Mindfulness is the ability to consciously perform all of your activities, including everyday, automatic things like breathing, walking, and especially, thinking. Mindfulness informs you whether you’re clear and calm, dull and sleepy, or alert and aware. It’s mindfulness practice that brings your mind under control and to a state of rest.
A useful practice to build mindfulness is to create concise mental labels for the objects of your attention. For example, if you’re tired, label the experience, “tired.” When you hear the construction crew outside your office window jackhammering, label it, “jackhammer.” You can label your bodily, emotional, and mental experiences as well as your external objects of focus. As soon as you notice that your attention has shifted, see how quickly you can mentally label the object of your attention.
Automating Your Attention
This wouldn’t be complete if I didn’t provide you with some tool to put improving your attention into practice. I created an AppleScript that gives you a random attention reminder using Growl. The script itself includes four messages based on the above article. How you trigger the script is up to you. I chose cron but you could just as easily set up an iCal reminder or have a program like FlexTime run the script.
Here’s how it works.
- First, you must have Growl installed. Once Growl is installed and after you set up the script, check out the settings in your System Preferences. For this particular script, I prefer the ‘Music Video’ notification.
- Open the attention script in Script Editor by clicking here. Save it here:
- Rename NameOfFile to whatever you choose (I named it ‘Attention.scpt’).
- Determine how often you want to be reminded to observe your attention. I chose every 15 minutes.
- Open Terminal, and type this:
sudo pico /etc/crontab
When prompted, type your administrator password.
- Use the arrow keys to navigate to the bottom of the pico window, and add this line:
0,15,30,45 * * * * YourUserName osascript /Library/Scripts/NameOfFile.scpt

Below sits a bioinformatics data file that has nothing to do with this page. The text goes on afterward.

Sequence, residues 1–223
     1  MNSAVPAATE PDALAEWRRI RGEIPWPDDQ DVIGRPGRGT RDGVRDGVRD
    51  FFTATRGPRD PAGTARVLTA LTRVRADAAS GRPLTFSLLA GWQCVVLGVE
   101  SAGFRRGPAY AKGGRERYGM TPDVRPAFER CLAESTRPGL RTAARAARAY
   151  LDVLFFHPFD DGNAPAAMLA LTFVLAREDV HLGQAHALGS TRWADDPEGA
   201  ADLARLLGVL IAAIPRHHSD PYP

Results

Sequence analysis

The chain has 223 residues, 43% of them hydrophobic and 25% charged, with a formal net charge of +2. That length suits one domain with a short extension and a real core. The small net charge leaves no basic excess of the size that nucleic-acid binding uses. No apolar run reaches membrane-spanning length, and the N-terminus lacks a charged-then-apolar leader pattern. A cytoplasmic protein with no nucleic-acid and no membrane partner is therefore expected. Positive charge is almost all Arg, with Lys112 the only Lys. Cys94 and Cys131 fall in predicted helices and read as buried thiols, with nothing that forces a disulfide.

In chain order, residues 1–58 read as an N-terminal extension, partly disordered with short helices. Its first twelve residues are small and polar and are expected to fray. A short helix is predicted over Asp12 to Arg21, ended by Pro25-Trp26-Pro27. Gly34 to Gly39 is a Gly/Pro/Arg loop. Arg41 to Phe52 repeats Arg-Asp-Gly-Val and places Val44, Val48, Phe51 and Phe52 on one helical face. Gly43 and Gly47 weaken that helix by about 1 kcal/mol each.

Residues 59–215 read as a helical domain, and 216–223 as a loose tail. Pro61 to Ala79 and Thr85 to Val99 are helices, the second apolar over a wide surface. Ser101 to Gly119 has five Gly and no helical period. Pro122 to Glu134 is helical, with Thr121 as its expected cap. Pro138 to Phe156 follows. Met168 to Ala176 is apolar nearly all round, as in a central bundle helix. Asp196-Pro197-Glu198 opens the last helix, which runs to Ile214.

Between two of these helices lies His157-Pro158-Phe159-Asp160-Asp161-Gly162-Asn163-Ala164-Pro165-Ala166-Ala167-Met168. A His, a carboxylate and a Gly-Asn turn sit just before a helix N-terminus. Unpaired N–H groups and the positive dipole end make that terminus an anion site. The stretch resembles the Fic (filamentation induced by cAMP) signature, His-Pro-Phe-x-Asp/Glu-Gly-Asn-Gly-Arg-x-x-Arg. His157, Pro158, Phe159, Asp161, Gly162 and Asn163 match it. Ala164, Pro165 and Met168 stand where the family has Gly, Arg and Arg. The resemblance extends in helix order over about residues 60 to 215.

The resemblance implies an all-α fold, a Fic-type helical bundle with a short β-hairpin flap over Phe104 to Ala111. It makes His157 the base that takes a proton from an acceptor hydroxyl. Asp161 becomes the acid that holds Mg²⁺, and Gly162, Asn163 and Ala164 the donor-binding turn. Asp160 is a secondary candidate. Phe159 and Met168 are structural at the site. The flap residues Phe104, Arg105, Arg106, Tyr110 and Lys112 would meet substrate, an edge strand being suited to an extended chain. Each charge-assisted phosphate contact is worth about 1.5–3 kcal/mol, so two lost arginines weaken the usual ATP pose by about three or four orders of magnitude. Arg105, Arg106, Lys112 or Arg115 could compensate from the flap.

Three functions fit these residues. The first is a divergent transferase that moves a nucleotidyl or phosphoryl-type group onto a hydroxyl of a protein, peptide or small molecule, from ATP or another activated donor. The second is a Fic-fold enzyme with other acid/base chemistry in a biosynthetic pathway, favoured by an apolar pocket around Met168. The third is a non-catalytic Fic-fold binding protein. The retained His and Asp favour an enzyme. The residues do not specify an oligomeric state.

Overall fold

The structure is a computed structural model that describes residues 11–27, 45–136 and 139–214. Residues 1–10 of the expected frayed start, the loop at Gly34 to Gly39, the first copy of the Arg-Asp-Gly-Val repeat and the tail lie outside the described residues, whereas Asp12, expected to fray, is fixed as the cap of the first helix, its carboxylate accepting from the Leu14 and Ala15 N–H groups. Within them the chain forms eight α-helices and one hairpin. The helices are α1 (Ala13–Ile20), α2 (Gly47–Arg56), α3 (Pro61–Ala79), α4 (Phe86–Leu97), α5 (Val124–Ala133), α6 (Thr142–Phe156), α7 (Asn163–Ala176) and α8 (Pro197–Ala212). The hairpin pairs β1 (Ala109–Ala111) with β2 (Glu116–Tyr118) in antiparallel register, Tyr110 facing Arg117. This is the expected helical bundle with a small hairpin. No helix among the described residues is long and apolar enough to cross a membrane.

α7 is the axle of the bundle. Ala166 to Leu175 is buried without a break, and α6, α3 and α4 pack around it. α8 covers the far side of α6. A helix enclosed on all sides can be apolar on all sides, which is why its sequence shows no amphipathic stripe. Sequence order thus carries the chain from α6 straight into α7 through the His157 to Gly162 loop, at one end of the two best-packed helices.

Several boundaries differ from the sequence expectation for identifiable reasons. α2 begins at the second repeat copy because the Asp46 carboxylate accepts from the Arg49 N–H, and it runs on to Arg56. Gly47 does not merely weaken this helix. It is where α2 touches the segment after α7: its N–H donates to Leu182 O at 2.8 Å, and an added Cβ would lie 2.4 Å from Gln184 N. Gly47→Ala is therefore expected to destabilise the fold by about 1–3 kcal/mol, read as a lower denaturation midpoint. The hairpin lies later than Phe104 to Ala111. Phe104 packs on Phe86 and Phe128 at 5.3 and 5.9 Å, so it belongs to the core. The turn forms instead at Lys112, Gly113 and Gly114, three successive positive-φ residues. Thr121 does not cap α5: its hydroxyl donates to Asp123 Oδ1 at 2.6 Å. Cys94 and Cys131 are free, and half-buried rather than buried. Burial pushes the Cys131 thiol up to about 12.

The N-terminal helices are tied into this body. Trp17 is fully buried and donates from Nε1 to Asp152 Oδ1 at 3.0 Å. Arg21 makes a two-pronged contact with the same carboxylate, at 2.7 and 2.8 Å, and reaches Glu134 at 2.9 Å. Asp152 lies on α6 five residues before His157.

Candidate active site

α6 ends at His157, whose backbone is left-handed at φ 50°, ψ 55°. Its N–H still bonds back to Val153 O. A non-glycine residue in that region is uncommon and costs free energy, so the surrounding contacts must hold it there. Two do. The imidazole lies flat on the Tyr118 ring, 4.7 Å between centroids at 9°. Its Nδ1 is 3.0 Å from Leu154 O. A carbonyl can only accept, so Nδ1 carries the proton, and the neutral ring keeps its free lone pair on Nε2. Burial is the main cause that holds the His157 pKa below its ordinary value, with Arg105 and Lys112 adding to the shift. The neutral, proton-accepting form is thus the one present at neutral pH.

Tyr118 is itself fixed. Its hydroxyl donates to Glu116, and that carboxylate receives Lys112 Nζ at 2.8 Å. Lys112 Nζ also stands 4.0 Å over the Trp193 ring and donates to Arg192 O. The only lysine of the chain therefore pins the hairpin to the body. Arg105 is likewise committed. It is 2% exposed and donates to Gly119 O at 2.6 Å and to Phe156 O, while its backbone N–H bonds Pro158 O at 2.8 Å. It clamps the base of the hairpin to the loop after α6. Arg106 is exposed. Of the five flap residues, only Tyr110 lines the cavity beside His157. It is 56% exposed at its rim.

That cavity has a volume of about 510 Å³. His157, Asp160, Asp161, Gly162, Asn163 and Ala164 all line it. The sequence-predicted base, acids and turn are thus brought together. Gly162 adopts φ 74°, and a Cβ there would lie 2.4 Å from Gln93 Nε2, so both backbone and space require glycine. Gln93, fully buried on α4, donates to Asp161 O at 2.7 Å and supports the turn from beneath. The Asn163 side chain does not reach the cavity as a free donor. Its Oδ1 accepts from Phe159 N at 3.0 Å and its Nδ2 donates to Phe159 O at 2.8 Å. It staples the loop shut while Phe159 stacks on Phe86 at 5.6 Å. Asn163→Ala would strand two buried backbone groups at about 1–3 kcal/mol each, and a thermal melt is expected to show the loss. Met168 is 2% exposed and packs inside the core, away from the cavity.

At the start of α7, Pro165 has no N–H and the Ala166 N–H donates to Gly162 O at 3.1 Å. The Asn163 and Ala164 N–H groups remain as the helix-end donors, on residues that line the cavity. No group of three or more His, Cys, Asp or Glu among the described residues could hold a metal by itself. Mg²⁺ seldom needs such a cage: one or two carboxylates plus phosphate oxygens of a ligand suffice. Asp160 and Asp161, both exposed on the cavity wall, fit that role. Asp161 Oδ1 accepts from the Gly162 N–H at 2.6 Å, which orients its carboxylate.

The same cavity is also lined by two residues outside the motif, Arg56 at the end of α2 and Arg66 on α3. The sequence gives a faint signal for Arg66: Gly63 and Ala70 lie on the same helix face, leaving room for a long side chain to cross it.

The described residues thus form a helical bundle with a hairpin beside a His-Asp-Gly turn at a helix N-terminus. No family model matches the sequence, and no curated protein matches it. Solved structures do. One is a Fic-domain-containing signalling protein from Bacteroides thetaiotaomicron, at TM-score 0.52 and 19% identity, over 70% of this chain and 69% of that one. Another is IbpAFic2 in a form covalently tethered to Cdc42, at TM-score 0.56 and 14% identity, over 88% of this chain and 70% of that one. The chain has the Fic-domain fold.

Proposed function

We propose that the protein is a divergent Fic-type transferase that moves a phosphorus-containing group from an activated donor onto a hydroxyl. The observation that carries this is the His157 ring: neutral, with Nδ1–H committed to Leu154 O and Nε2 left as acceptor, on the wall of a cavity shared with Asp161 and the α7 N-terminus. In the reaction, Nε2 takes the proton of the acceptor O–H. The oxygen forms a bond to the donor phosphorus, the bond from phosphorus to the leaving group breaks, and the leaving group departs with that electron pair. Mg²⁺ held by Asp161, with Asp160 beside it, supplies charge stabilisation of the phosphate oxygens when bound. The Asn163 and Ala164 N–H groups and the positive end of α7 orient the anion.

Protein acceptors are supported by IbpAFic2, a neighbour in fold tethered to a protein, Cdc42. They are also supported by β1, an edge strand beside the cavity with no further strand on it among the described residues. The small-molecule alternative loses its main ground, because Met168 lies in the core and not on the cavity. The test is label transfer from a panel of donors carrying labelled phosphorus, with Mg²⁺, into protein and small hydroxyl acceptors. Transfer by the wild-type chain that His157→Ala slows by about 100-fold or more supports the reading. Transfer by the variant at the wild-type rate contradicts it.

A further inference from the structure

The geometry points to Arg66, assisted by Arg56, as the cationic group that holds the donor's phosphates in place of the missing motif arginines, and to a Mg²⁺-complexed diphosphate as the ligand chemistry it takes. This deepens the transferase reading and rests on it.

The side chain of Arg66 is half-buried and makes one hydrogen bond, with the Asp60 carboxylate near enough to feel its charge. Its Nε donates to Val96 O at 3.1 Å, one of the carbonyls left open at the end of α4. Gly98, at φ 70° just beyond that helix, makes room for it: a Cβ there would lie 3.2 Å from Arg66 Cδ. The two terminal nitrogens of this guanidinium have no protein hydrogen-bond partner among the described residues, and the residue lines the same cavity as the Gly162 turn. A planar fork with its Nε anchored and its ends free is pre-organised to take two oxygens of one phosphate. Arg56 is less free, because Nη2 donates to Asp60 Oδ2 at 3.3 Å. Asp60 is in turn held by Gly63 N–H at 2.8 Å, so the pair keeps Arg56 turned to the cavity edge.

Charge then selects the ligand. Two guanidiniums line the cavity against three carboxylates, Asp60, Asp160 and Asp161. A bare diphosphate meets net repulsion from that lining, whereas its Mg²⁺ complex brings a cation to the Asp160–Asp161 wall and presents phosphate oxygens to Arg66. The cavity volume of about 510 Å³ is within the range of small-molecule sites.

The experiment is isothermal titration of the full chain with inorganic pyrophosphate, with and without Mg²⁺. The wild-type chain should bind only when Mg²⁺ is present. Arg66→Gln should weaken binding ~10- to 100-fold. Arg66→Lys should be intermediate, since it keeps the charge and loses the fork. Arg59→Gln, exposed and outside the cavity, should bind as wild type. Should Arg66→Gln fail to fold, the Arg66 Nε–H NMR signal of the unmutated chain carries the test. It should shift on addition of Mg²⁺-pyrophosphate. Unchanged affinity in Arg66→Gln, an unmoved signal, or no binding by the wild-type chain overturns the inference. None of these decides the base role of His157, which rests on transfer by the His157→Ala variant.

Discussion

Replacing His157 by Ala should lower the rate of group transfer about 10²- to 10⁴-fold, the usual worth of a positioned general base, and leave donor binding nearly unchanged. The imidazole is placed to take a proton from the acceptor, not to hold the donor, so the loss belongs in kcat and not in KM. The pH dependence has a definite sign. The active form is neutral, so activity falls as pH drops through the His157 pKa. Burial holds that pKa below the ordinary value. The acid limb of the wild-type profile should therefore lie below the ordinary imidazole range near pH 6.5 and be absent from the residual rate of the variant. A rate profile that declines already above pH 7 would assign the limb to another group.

This list tells cron to run the script every 15 minutes every day of the week.
- Press Control-X to exit pico.
- Wait patiently for the script to run. Every 15 minutes, you’ll get an unobtrusive Growl notification giving you a nice attention reminder with some helpful advice.
If you need more assistance with cron, check these resources that I found helpful:
Using cron to run programs on a schedule
Mac OS X and Unix tips and tricks
Learning the Terminal in Jaguar
*If you screw anything up, I accept no responsibility. But don’t let that scare you.
If you want to run the script using iCal, make sure the script is saved as an Application. Create a new calendar (Option-⌘-N) and name the calendar Scripts. Create a new event (⌘-N) and name it. In the Alarm section of the Info pane, choose “Open file.” Select the AppleScript application and adjust the schedule using the lower pop-up menu. If you want iCal to trigger the script at regular intervals, choose an interval from the “repeat” pop-up menu.
Now your attention is on auto-pilot. These short reminders are more than interruptions, they are grist for the mill; an opportunity to practice flexibility.
The script itself is easy to edit. Once you feel you’ve made these attention strengthening practices a habit, you could modify the script to remind you of other important things. Add a mantra or a reminder to stretch every now and then. You can have a lot of fun with this script.
“I have learned silence from the talkative, toleration from the intolerant, and kindness from the unkind.
— Kahlil Gibran”
I have learned to pay attention from the inattention.